The novel coronavirus—now officially named COVID-19 by the World Health Organization—is already impacting air travel worldwide. I’m about to take off for South Africa and wondering what precautions I should take. Will there be virus in the air while I’m in the air? Will I need face masks? Do masks even work?
I was already concerned about whether my connecting flights on South African Express would be canceled, as I wrote about two weeks ago. Now COVID-19 comes along, though as of today cases are not yet reported anywhere on the vast African continent, let alone the Republic of South Africa.
I never used to worry about catching something on a plane. Winter after winter over four decades I crammed in beside ill travelers sneezing virus-laden mucus particles airborne while airborne at 35,000 feet with nowhere to hide. I usually didn’t get sick myself, and I never thought twice about sharing the sardine can with a bunch of sick people. The airlines let anybody on board as long as they proffered a valid ticket.
Obsessed with work and anxious that I might be fired for not showing up, I myself once flew with the flu. It was in the early eighties when people still smoked on planes, so many passengers were hacking and coughing per usual. No one noticed that I sounded and looked like death warmed over. I sat in the back of the plane with the nicotine addicts like me (before I quit cold turkey in 1985). Didn’t even get a second look.
No one wore a mask then, either. Certainly wearing face masks is a newish air travel phenomenon that became widespread during the 2003 SARS outbreak. SARS lasted about six months, but the habit of fearing face masks on board planes, particularly in Asia, persisted. The 2012 MERS outbreak saw the face mask habit resurge, though not so much in the USA that I recall.
But we Americans are up to date on the mask routine now. I’ve seen pictures lately of U.S. airplanes on domestic routes with lots of flyers wearing masks, so the habit seems to have taken hold quickly here. Makes me wonder how many travelers are just being cautious, and how many are sniffling and really sick.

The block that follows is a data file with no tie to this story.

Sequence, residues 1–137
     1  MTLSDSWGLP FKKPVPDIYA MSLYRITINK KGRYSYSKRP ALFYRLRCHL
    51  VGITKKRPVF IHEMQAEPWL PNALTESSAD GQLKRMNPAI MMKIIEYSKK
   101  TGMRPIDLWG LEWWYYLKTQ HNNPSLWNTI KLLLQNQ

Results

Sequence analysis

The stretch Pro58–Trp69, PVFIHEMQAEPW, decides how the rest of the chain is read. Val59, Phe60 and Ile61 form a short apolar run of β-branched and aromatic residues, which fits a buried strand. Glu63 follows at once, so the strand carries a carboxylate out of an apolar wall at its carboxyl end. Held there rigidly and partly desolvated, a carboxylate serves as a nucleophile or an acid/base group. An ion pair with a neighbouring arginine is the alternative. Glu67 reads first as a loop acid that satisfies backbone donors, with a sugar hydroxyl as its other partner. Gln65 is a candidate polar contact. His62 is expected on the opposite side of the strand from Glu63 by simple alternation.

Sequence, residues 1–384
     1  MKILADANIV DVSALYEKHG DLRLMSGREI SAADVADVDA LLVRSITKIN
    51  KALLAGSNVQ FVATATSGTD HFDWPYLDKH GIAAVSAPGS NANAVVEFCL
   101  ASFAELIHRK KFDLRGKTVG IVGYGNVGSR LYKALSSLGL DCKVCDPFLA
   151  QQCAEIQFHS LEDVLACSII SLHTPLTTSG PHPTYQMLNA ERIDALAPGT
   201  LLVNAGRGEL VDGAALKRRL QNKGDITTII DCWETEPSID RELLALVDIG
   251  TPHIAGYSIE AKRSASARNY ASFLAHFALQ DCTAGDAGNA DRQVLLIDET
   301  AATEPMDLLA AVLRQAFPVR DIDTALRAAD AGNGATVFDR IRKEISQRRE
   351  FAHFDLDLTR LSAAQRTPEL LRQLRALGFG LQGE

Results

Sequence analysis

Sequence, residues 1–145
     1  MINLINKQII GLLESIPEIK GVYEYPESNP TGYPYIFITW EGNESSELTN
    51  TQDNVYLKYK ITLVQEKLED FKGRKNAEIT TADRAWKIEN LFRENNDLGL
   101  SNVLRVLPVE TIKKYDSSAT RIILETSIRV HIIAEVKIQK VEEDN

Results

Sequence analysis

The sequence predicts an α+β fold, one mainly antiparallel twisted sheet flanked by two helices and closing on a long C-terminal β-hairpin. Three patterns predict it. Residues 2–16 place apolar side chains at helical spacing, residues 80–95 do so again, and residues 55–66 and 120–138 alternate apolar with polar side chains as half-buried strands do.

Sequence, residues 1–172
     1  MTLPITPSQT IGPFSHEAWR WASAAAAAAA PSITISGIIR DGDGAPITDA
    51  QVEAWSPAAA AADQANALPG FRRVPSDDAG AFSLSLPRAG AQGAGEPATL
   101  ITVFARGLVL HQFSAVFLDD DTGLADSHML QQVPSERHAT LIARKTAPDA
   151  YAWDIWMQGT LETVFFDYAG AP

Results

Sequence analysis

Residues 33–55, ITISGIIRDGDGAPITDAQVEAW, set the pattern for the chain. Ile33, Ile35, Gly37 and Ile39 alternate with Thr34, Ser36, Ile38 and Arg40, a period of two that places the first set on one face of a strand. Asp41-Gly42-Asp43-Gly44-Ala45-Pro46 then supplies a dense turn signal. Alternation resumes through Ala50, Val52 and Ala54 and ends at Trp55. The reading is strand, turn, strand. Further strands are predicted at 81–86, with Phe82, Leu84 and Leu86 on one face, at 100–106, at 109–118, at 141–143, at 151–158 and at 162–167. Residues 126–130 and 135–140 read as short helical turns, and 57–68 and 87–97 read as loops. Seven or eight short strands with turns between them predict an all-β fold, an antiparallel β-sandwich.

Either way, I thought it prudent to take some masks with me to wear—just in case—on the 16 hour flight from Atlanta to South Africa. But checking Amazon two weeks ago, I was not able to buy masks. And nearby local pharmacies have been out since January.
Out already? Really? There are only a few known cases yet in this country.
Guess I shouldn’t be too surprised. Reports are that COVID-19 has caused face masks to become a scarce commodity across the globe. China reportedly makes over half the world’s medical face masks, and domestic demand there far exceeds supply.
Panic buying has gobbled up what surplus there was here, it seems. So much so that I heard an expert on the BBC opine yesterday that the shortage could shut down surgeries and routine medical procedures in clinics and hospitals everywhere.
All of which made me wonder if I even need to wear a mask on a plane, or if the masks are at all effective. A Washington Post report says I shouldn’t fret as long I am not too close to someone spraying nasal droplets through sneezes. More than two seats away is probably safe, as this WaPo graphic indicates:
Heck, the BBC says wearing a mask isn’t that effective against airborne viruses because the masks don’t shield the eyes and are not tight against the face, either. Masks are probably pretty good at preventing hand-to-mouth transmission of germs, though.
Still, like Linus in Peanuts, I will feel better with a security blanket despite facts to the contrary. My doctor provided me with a dozen high quality N95 face masks which give me comfort for the upcoming trip.
I just hope I don’t need them.